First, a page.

• Saying Thank You in 45 Seconds
    One of the more influential cultural mainstays to emerge from Hollywood in the last 50 years may be the most maligned: the Oscar acceptance speech. Though often mocked, these high-stakes odes to self-regard, faux humility, stress management and...
  • In an Age of Lessening Privacy, Some Family Secrets Persist
    After Itzhak Goldberg’s father died in 1995, at age 86, his mother gave him a watch in a red case. The 18-karat gold Patek Philippe was a rare indulgence for his father, a Polish Holocaust survivor who married, moved to Israel and ran a produce business.
  • My Five Year Cancerversary
    The attendant walked into the hospital waiting room and called my name. I took a deep breath and hurried through the door. “I’m always surprised when my name is pronounced properly at a doctor’s office,” I said.
  • Together, at Home and at Work
    I spent much of the last six months helping my wife with a rare professional opportunity. When friends heard how many days, nights and weekends we spent in the same room, they had the same reply: “Whoa! When are you getting divorced?”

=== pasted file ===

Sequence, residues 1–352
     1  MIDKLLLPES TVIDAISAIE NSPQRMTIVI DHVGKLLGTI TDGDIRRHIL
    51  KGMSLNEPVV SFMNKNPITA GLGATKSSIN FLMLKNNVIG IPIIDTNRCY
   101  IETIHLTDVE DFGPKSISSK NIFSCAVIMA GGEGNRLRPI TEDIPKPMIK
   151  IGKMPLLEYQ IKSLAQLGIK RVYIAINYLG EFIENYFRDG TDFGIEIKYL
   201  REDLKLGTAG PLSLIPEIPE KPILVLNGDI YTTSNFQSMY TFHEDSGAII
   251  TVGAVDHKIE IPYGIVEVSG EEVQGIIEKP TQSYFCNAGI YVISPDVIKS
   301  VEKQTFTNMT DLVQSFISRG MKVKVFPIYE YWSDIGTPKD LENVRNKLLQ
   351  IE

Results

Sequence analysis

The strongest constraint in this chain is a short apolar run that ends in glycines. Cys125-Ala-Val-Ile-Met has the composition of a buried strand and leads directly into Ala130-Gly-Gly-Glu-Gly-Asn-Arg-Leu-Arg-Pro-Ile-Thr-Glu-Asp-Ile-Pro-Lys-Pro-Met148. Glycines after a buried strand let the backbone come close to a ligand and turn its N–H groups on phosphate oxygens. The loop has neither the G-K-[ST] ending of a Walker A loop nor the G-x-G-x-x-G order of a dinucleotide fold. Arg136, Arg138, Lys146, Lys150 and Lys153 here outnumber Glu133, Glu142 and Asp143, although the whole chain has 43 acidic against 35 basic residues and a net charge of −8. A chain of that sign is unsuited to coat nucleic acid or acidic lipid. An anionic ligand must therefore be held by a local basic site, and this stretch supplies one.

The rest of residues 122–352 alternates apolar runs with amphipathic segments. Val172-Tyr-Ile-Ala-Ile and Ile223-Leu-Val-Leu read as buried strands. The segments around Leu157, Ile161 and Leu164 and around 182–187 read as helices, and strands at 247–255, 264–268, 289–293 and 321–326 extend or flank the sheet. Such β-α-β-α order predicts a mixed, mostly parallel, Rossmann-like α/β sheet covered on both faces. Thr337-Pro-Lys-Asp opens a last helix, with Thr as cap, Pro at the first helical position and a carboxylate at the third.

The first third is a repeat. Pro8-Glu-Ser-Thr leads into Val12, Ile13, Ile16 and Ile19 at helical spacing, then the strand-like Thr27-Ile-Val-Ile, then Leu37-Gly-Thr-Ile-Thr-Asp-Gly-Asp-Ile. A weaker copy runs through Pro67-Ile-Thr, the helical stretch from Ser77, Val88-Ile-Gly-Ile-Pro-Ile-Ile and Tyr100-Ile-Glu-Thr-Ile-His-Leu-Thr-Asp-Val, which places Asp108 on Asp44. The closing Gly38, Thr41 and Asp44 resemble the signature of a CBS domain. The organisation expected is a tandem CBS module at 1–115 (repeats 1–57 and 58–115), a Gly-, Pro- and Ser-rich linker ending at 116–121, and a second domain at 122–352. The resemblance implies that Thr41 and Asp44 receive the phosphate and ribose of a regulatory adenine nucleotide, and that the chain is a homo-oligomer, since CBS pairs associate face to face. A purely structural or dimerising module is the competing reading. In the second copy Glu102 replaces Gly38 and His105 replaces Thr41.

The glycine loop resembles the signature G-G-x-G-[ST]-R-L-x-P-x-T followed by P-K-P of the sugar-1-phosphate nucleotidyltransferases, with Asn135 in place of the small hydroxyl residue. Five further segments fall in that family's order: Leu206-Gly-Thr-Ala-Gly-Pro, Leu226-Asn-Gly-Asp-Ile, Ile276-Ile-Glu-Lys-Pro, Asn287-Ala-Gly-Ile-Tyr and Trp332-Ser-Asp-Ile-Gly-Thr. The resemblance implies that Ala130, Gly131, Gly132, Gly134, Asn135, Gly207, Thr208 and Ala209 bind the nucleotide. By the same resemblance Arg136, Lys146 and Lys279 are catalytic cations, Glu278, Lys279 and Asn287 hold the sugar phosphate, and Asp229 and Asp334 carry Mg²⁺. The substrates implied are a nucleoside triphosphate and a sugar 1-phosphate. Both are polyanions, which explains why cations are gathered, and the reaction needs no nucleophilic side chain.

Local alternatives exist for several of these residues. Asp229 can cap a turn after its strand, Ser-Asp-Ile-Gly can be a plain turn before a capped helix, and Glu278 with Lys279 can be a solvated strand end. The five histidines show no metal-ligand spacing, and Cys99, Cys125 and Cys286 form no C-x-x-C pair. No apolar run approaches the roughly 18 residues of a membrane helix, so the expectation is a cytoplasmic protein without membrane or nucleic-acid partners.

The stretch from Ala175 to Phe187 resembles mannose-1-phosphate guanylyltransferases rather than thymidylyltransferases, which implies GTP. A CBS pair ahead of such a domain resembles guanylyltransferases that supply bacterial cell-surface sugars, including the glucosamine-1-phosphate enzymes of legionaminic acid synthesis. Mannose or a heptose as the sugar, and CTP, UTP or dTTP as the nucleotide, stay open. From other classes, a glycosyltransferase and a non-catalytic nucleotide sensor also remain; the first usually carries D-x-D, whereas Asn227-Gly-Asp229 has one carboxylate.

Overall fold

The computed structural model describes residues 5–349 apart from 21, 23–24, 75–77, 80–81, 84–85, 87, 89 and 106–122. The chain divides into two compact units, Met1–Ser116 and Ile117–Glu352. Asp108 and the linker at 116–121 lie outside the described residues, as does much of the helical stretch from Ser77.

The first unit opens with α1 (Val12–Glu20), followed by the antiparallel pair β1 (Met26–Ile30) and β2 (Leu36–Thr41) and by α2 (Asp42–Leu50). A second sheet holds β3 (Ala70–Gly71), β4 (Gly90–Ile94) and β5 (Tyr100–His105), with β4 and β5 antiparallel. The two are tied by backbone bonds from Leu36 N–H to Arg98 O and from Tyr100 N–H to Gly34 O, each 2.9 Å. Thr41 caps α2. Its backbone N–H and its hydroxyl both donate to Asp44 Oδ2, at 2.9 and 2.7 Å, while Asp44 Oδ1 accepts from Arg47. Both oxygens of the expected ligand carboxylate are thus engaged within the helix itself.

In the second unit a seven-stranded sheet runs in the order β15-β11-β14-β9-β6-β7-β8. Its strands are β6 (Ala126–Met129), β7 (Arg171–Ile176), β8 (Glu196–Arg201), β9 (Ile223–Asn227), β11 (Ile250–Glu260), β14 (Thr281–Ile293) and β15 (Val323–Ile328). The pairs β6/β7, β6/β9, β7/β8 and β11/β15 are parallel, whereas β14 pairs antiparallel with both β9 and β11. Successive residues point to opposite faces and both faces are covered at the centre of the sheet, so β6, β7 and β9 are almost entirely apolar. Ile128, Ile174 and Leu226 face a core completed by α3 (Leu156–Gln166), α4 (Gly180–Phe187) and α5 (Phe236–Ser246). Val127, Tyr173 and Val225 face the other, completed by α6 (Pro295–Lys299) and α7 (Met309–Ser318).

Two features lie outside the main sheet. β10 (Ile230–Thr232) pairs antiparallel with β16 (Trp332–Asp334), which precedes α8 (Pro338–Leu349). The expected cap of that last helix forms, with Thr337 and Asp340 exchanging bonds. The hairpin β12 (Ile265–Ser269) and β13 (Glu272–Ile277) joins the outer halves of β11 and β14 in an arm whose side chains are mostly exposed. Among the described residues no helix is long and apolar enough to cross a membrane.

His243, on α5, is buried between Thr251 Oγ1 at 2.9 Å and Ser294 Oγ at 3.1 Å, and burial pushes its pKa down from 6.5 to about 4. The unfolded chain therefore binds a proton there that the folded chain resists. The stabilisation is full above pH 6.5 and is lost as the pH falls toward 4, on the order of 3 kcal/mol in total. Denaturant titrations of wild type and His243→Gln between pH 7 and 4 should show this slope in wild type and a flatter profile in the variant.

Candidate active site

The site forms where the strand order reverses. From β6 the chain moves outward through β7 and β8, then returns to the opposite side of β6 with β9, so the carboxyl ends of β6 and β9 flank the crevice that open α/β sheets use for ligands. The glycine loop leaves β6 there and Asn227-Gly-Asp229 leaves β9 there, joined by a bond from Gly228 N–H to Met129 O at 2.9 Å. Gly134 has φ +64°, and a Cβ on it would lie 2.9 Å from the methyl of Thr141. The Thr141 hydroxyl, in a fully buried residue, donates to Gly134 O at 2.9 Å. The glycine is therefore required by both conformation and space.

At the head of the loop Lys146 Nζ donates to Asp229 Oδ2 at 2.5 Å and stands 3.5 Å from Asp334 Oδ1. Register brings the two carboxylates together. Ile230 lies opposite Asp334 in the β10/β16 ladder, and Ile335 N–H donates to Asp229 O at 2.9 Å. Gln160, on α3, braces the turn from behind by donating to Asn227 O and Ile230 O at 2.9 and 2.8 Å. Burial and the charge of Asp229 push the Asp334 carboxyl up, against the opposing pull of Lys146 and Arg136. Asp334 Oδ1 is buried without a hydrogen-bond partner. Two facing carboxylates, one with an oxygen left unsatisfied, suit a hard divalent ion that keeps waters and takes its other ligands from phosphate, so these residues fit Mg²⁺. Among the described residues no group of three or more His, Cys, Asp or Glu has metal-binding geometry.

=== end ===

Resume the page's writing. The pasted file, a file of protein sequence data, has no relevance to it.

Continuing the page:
• Overscheduled Children: How Big a Problem?
    Now that the school year is under way, my wife and I are busy managing our children’s after-school schedules, mixing sports practices, music lessons, homework and play dates. It can be a complicated balancing act for our elementary-age daughters...
  • Just One Big, Happy Family?
    This summer, 39 members of the Peters family gathered in Smith Mountain Lake, Va., just outside Roanoke, for their 40th family reunion. What started with five nearby families in 1970 has grown to 10 families, some from as far away as Alaska and Washington
  • The Care-Package Wars
    I spent last weekend driving my daughters around Maine visiting summer camps, including the one I attended as a child. The minute I stepped on the pine needles, walked along the waterfront and glimpsed the pitchers of bug juice...
  • The 'I Dos,' Unplugged